The Fortress at Times-End: In Which the Balrog Tries to Take Over the Computer   8 comments

I was near the end, and got to experience a quirky trick which I haven’t experienced for this project outside The Prisoner.

Before I get going, I need to share this screen from earlier in the game I skipped mentioning. Also, this is a fun reminder that “you” are not really there in many of the games of this era, there is a literal computer narrator who is choosing what to share.

The only thing I was missing was I could MOVE CASE and push aside the bookcase I got the sword from.

I’m unclear if the wine bottle needs to be dropped off or if you could have skipped picking it up in the first place, but if you’re holding it still when you try to go in the passage it explodes.

This eventually leads up to a closet which asks for a password.

Here is the Balrog sequence in full.

Hideo Kojima, the prototype version. (That link gives a pretty good description of the Psycho Mantis fight from Metal Gear Solid, where Psycho Mantis reads the actual contents of your Playstation memory card and taunts you about how many times you saved in Castlevania; also, since he can read your mind, the only way to defeat him is to unplug your controller from slot 1 and plug it into slot 2.)

Having experienced two trap-based games in a row, I’d like to zoom in on the question: what makes a satisfying trap?

Perhaps the true answer is “none at all”, but even Monkey Island had a trap (as a gag which kept the game going). But going with the premise that we’re going to have a game with traps, then what would work–

On one end is when player agency is taken away almost entirely. In Revenge of Balrog there were a fair number of rooms where going the wrong direction was death; going >WEST sending the player off a cliff. Even in a Choose-Your-Own-Adventure style game with quite arbitrary death, when the choices are as neutral as “left or right door” I’ve always found it frustrating, even when the deaths are well described or silly. There’s nothing quite as extreme in Times-End except for the maze which kills after enough time is spent, but at least there is some player movement an action amidst the slow-moving trap.

What seems to work better is a collaborative sort of death. Revenge of Balrog had a gold nugget with a dragon where a sign warned you to beware of the dragon, and being greedy taking the nugget was enough to get fried; Times-End had a chest with gold that was less-signaled but: it was quite clear the goal was *not* to collect treasures, and the similar trap in the first part of the duology was sufficient to give warning about the second. (See also: the deaths in Journey where the player hangs themselves by their own rope so to speak.)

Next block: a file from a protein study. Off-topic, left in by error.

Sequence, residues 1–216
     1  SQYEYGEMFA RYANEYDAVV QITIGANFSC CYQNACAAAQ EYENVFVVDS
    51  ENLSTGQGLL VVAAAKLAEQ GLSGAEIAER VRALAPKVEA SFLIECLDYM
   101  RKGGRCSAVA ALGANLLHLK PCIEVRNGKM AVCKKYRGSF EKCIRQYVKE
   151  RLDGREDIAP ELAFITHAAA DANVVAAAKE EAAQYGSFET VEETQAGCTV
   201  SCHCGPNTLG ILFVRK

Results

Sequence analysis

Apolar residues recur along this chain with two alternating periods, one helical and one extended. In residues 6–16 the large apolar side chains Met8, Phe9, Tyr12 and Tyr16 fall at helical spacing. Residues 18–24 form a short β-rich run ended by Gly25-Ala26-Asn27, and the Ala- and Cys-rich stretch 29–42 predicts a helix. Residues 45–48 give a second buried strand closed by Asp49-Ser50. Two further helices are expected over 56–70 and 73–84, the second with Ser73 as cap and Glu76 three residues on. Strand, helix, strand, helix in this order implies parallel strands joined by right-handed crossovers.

In between is something like the exploding wine bottle. It’s not entirely a denial of agency: the player chooses to drop the wine bottle somewhere arbitrary (blowing themselves up) or eat the feast with the wine (blowing themselves up) escape the second level without placing the wine bottle (blowing themselves up) but there’s no real clue that this would happen before it happens. I could see, written on paper, how the puzzle makes sense: you need to place an item in the right place without being overcome by distraction, but I was only able to put this together after finishing the puzzle.

Of course, the function is not just in gameplay terms, but narrative. Above is another trap from Grimtooth’s, designed for Game Masters frustrated by cautious parties who constantly open chests and doors with long poles while standing back. The idea is to take something normally safe and add an element of surprise, and functions more like a narrative twist than anything fair.

I’d argue (again, assuming you’d want to include them) that truly best traps in a game have the mix of surprise and player agency. It’s the difference between telling a joke at the player’s expense, to one where they are part of it; a sort of participatory comedy, even if the general mood is entirely grim. Here’s an example outside regular adventure games entirely to finish my thoughts off —

The platformer La-Mulana has a lot of traps, infused to the point that it seems like every other screen has one. Allow PlayingBoardGames to illustrate:

Witness: the player needs to use the whip to break open the sun at the top of a temple. The walls break; the player needs to keep hitting. The sun suddenly lurches down, dangling. The player keeps hitting, and… the sun lands on their head, and crushes them.

There is plenty of ominous warning that the sun is something heavy. But still, it’s very easy to get tricked here, and it’s surprising and comical that the sun serves as a crushing weapon. In practice, this still can be frustrating, but I personally laughed, so that’s something? Additionally, the unusual trap links to the heft of the location in the narrative, as it is the gate between one world and another (and in gameplay terms, the “Holy Grail” used to teleport around the map no longer works until an additional device is found).

Posted February 8, 2021 by Jason Dyer in Interactive Fiction